White House hopeful Sen. Amy KlobucharAmy KlobucharHillicon Valley: Biden calls on Facebook to change political speech rules | Dems demand hearings after Georgia election chaos | Microsoft stops selling facial recognition tech to police Democrats demand Republican leaders examine election challenges after Georgia voting chaos Harris grapples with defund the police movement amid veep talk MORE (D-Minn.) rolled out a sweeping plan to boost investments in rural communities across the country.
The plan, released a day before the start of the Iowa State Fair, comes as Klobuchar seeks to cast herself as an ambassador for the nation’s farming areas stemming from her time representing Minnesota in the Senate.
“Heartland politics is about bridging rural/urban divide, farm policy & housing & health & child care. As a [senior] member of AG com. from a rural state I get it & will lead on these issues,” Klobuchar, a member of the Senate Agriculture, Nutrition and Forestry Committee, said.
Today I announced my plan to strengthen our rural economies. Heartland politics is about bridging rural/urban divide, farm policy & housing & health & child care. As a sr member of AG com. from a rural state I get it & will lead on these issues. Read here: https://t.co/2a6drtLvr1 pic.twitter.com/WtjSyJOa4R
— Amy Klobuchar (@amyklobuchar) August 7, 2019
The proposal lays out benefits for farmers, including strengthening agricultural disease protection, investing in rural bridges that are not part of the federal-aid highway network, and boosting the maximum loan amount that an individual farmer or rancher can receive from the Farm Service Agency.
Klobuchar’s plan also vows to invest in high-profile initiatives that are popular across the party, including expanding broadband access to rural and tribal communities and prioritizing rural energy development to help tackle climate change.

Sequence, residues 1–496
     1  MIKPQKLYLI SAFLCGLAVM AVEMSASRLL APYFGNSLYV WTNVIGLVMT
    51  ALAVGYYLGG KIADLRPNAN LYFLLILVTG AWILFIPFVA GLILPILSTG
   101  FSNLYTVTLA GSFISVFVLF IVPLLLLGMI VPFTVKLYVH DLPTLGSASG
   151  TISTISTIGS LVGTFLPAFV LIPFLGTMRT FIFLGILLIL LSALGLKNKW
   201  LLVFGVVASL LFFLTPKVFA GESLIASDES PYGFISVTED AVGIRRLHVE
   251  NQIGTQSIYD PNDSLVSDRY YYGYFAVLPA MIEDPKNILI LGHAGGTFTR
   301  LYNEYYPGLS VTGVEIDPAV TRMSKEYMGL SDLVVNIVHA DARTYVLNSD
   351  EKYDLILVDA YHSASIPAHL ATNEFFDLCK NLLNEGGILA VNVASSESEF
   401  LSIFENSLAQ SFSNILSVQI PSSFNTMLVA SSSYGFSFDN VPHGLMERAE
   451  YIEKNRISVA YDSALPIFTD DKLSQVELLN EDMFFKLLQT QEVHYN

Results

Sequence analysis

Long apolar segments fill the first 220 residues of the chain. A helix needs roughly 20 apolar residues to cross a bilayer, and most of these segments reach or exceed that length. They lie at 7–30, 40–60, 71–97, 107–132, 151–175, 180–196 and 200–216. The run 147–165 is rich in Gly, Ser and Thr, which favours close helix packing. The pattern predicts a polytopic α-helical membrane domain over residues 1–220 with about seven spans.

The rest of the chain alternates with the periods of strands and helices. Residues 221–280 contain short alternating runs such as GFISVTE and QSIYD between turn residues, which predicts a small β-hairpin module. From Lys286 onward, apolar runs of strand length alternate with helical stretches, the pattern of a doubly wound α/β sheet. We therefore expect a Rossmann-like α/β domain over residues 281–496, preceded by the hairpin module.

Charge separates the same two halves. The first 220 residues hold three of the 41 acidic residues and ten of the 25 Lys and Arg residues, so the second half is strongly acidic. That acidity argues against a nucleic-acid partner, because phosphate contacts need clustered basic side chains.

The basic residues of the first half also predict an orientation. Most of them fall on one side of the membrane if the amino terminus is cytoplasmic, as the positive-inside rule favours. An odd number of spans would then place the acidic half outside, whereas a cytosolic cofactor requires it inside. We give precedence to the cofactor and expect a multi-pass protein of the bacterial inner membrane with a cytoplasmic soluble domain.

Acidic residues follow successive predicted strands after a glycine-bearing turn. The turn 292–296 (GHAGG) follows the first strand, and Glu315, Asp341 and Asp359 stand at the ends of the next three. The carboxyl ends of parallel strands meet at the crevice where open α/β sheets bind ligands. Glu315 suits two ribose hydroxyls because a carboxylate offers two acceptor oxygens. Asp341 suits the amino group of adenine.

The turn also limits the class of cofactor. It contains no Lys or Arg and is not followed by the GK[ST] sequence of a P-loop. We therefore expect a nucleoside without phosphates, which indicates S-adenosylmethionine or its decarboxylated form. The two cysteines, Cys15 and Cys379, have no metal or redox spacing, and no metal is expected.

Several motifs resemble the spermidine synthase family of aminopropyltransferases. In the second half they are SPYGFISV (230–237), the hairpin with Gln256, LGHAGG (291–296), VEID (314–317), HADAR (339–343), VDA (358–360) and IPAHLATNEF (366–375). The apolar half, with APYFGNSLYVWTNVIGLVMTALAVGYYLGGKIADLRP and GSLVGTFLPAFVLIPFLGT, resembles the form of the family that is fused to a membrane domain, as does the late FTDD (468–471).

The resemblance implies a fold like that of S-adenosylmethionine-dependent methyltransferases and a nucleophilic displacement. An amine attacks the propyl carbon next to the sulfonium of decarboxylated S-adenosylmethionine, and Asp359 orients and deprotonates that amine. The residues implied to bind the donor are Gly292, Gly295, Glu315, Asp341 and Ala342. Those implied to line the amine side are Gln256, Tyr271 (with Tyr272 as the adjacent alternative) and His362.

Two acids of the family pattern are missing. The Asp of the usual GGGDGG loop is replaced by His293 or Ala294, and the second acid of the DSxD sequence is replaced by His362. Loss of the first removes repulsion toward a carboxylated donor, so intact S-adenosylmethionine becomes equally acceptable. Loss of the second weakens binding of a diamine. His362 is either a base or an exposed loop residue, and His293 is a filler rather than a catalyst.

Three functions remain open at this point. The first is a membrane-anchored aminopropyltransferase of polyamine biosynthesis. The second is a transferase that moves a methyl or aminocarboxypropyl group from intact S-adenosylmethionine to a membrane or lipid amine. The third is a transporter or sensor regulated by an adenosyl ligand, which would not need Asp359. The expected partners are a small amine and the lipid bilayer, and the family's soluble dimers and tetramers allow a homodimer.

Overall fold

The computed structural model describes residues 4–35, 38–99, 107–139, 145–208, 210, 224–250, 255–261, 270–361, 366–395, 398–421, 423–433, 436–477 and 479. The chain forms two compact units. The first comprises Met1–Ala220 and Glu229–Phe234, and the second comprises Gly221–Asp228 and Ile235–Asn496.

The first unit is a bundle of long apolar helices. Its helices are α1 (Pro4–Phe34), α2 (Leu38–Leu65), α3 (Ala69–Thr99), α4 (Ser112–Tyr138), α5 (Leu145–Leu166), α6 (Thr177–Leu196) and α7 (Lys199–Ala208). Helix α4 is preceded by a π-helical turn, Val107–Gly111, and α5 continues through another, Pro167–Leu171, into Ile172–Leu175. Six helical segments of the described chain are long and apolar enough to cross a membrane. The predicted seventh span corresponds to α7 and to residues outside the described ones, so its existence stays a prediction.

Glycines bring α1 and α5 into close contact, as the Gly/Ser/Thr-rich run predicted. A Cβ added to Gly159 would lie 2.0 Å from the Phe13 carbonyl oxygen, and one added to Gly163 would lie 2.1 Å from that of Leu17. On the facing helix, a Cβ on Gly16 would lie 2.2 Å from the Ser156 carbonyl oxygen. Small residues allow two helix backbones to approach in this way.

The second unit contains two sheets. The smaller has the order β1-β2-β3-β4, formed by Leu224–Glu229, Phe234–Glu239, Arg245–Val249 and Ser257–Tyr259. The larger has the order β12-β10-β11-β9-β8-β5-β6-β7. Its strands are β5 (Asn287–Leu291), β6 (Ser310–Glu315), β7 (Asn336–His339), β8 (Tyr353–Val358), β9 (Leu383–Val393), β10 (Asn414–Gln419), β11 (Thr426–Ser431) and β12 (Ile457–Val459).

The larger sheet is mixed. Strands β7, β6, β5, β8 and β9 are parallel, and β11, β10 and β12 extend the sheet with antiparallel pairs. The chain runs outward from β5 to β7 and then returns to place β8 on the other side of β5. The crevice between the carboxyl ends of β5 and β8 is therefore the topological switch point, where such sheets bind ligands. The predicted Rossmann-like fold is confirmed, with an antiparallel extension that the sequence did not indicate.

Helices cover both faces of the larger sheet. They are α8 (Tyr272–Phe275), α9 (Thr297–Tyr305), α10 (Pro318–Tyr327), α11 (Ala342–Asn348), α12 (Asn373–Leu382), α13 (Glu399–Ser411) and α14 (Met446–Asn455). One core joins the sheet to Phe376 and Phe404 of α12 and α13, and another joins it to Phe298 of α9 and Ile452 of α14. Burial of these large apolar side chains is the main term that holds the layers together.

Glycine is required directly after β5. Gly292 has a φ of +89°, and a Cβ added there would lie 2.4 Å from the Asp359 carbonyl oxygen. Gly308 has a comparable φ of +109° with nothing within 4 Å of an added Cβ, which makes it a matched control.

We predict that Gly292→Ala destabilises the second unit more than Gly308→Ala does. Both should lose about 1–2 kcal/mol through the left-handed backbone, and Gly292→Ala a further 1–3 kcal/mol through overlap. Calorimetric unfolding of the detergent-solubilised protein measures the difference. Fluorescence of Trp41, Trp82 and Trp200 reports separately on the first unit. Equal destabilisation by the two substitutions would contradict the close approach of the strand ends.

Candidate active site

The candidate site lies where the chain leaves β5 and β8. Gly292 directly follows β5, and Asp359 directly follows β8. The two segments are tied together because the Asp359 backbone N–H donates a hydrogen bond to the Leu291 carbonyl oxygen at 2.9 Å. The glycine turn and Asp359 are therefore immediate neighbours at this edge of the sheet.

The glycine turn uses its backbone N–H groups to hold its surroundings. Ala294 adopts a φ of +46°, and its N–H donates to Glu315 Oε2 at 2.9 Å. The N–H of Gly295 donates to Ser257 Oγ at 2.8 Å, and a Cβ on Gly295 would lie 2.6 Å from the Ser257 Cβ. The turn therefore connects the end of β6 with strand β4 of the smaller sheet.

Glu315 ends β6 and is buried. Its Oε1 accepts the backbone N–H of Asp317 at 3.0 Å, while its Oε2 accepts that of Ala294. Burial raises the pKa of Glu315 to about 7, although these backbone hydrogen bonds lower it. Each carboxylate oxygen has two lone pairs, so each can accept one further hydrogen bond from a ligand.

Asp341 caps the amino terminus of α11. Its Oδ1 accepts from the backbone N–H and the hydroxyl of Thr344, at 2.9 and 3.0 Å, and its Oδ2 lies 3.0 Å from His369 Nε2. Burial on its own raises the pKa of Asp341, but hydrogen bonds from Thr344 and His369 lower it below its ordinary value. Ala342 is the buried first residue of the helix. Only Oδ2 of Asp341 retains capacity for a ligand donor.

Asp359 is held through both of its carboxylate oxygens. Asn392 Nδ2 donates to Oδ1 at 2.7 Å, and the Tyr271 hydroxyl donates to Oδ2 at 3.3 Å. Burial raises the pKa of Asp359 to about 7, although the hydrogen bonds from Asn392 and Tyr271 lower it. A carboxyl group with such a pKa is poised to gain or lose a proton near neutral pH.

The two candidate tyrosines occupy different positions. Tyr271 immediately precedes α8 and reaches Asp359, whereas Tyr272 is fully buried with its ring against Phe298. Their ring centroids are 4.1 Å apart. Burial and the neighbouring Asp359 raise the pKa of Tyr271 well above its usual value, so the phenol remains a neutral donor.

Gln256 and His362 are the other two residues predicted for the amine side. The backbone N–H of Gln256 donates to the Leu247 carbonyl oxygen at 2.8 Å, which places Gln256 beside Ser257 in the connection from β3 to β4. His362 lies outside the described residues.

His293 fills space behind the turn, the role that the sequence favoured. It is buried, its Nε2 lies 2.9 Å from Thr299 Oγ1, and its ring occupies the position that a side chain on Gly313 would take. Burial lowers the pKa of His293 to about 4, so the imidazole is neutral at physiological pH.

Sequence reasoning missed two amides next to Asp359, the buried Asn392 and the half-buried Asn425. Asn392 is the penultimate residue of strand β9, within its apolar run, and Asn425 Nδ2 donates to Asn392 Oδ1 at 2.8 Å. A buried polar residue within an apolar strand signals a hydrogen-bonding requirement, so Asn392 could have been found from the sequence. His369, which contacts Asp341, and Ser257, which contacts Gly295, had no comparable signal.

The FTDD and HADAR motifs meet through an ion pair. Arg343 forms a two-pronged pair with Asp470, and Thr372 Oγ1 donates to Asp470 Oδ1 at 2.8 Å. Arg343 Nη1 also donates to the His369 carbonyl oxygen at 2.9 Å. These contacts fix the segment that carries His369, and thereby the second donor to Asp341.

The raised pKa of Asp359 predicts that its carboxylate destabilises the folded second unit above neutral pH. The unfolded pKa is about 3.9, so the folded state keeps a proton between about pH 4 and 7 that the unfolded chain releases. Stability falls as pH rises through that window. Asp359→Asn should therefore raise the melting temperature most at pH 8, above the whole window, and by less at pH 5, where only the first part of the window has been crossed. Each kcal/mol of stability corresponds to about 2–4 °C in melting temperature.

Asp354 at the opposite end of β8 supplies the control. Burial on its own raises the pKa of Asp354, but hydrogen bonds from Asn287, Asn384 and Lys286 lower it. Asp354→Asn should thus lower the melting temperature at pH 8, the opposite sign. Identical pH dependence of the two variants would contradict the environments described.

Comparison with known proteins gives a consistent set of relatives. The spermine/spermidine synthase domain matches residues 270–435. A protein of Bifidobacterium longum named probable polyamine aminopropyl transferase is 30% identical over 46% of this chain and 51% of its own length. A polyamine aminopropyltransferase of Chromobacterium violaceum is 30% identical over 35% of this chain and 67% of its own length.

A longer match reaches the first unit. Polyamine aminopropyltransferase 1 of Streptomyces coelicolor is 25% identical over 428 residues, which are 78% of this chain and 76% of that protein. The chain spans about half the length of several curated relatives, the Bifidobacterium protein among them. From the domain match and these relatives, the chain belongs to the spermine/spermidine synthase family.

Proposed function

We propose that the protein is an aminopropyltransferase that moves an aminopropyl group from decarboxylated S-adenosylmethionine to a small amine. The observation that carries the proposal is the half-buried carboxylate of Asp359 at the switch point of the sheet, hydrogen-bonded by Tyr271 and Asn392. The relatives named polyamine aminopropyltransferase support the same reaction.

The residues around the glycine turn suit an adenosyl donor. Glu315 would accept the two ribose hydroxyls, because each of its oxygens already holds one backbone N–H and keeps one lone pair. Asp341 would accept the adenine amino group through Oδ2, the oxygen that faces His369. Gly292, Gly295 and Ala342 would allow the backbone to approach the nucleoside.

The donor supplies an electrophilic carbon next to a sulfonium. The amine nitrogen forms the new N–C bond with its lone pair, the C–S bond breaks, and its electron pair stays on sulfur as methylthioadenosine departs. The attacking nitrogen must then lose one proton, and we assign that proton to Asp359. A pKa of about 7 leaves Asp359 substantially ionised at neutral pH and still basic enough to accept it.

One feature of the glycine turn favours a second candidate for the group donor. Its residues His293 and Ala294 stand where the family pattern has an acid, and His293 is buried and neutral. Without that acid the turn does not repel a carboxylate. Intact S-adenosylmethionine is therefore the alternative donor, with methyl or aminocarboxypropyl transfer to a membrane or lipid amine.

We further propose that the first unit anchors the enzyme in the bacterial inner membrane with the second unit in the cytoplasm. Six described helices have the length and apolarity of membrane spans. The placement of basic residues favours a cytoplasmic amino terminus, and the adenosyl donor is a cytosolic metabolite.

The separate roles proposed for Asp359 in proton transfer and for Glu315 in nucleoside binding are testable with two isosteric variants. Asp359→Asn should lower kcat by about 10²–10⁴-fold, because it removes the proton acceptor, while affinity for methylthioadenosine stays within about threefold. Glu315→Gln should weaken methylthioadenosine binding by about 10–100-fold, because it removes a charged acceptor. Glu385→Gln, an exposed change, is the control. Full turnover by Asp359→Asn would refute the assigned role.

The Minnesota Democrat did not clarify how much her proposal would cost.
Sen. Elizabeth WarrenElizabeth WarrenWarren, Democrats urge Trump to back down from veto threat over changing Confederate-named bases OVERNIGHT DEFENSE: Joint Chiefs chairman says he regrets participating in Trump photo-op | GOP senators back Joint Chiefs chairman who voiced regret over Trump photo-op | Senate panel approves 0B defense policy bill Trump on collision course with Congress over bases with Confederate names MORE (D-Mass.), another presidential contender, also unveiled her own plan to inject new investments into rural America Wednesday.
The rollout of both rural plans comes ahead of the Iowa State Fair, which is set to run Aug. 8-18 and is considered a key part of the presidential primary campaign, making it a must-attend for most candidates.
The fair this year is being staged as farmers continue to face the consequences of a growing trade war between Washington and Beijing. China has hit back against the White House’s tariffs, particularly targeting rural areas that were crucial to President TrumpDonald John TrumpSenate advances public lands bill in late-night vote Warren, Democrats urge Trump to back down from veto threat over changing Confederate-named bases Esper orders ‘After Action Review’ of National Guard’s role in protests MORE’s political support in 2016.
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